A Checklist For When You Forward A Screenshot Of A Tweet

A Checklist for when you forward a screenshot of a tweet
Image Source: Twitter

If you are a WhatsApp or Instagram user, you have likely come across a screenshot of an interesting tweet. It could have been a funny sentence, a piece of information or even hate speech. These are usually shared as messages or put up as posts or stories. In all of these scenarios, the original source is often untraceable at first glance. Such tweets can be easily manipulated with minor edits and tweaks — but don’t worry, the damage can be easily averted or controlled if you were to follow a few simple steps while consuming and disseminating such content.


Is the name of the source handle visible in the screenshot? Does it seem like a real person/organisation or is it someone anonymous? Is there a blue tick? If the source is not visible or doesn’t seem legitimate to you, hold on to sharing it. Try to go and search for it on Twitter before you believe it or take any action.

Date And Time

Is the date and time of when the tweet was created visible in the screenshot? Has it been a few hours or days or weeks or months or years? If the tweet doesn’t have a time stamp visible, you should be wary of it. If it’s visible, you can easily go to Twitter and fact-check its authenticity. This is important to get a contextual understanding of the message in question.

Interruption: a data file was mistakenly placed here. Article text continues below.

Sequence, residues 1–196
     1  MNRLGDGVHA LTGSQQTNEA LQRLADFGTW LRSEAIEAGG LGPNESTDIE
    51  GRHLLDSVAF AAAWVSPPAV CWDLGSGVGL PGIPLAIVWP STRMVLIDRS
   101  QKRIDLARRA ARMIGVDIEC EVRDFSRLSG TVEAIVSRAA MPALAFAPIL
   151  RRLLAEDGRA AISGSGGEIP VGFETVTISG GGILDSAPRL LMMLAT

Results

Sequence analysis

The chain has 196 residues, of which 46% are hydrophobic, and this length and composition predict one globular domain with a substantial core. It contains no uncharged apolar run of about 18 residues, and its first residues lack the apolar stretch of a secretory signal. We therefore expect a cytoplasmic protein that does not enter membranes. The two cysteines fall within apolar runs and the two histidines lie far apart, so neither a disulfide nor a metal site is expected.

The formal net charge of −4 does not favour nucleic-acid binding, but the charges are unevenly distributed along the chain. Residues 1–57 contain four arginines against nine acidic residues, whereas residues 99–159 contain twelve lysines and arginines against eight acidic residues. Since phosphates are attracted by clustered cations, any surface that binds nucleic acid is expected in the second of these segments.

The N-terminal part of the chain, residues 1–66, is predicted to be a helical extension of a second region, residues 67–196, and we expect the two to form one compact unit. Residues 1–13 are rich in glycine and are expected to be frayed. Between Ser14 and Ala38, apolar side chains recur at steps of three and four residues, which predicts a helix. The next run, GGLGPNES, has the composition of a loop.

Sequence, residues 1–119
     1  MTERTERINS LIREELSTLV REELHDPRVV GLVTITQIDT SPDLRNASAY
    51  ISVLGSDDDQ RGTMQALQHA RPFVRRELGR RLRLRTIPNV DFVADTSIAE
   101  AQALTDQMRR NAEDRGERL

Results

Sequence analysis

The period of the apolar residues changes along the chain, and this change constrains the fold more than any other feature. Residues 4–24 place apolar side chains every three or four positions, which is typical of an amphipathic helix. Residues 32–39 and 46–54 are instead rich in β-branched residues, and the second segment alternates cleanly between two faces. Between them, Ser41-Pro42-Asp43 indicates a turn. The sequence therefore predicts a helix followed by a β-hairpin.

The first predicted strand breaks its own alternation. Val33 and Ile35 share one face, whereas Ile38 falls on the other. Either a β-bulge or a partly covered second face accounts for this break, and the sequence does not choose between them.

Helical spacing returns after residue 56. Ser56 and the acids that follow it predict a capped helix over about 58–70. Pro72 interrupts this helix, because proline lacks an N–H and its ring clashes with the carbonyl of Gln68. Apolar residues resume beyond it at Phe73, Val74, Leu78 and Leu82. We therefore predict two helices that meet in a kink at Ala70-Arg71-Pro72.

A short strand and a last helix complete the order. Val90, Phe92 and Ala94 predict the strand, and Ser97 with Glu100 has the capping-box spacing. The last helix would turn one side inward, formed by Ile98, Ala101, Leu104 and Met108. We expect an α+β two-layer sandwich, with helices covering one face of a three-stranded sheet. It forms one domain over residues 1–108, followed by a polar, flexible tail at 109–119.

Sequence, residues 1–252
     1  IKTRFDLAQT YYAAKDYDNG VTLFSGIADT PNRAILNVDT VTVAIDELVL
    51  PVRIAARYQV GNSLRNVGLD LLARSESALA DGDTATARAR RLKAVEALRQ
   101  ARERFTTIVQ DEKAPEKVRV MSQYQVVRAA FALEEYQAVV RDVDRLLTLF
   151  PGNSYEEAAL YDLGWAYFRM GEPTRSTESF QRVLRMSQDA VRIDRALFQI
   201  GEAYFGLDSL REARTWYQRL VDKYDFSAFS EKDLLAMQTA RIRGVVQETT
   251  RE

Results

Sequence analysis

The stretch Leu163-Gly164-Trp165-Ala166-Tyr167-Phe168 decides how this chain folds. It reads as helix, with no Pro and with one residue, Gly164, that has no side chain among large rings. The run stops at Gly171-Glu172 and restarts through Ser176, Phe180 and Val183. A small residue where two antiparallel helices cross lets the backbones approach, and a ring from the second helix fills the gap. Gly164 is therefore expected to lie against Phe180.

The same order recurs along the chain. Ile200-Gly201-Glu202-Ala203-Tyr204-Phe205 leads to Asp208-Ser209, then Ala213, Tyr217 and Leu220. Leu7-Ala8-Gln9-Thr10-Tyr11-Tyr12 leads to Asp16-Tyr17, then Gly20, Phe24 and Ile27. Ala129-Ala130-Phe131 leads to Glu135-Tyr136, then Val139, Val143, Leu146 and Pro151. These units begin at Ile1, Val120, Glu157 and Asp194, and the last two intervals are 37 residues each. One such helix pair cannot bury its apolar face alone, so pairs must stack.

Sensitive Matter

Sometimes, the information being shared in the tweet is sensitive (even though or especially if it’s seemingly harmless) in nature. In such a case, you should use your discretion before forwarding it. When the tweet was originally shared, the person/organisation intended to share it with the audience of that platform — not others. By sharing it elsewhere, you could get them into trouble as their identity might get revealed to those they did not wish to reach with that information.

Understanding Intention

 In some cases, screenshots of tweets are potential carriers of misunderstanding towards something that is being put forth sarcastically. Twitter has a diverse audience that allows it to be an inclusive space for people to express themselves safely. There is a context to what is being communicated or it could simply be a larger message (thread) — and the context may go missing in screenshots. 

At the end of the day, if you are indulging in cross-platform sharing, you must always ask yourself: Is my need to share this piece of information greater than the damage it could potentially cause someone?

Read more: Why Are Indians Increasingly Crowdfunding Their Education?

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